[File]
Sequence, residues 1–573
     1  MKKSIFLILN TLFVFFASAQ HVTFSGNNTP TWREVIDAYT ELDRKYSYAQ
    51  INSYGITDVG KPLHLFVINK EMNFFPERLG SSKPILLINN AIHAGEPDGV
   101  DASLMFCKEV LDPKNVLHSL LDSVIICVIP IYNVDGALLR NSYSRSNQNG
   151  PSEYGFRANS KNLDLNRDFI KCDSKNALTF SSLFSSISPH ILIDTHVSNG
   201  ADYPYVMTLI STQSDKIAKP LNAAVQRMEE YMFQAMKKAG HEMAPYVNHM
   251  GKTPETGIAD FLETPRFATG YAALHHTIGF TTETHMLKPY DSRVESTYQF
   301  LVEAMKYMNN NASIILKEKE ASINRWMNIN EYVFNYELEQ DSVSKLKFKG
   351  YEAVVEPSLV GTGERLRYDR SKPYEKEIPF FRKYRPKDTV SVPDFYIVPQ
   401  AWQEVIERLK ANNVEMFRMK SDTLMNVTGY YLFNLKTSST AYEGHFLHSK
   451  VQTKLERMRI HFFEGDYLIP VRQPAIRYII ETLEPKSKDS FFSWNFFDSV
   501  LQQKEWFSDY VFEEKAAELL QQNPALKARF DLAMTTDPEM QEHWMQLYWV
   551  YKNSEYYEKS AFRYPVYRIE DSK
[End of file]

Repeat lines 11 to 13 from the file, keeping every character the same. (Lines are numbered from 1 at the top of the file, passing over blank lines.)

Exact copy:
   451  VQTKLERMRI HFFEGDYLIP VRQPAIRYII ETLEPKSKDS FFSWNFFDSV
   501  LQQKEWFSDY VFEEKAAELL QQNPALKARF DLAMTTDPEM QEHWMQLYWV
   551  YKNSEYYEKS AFRYPVYRIE DSK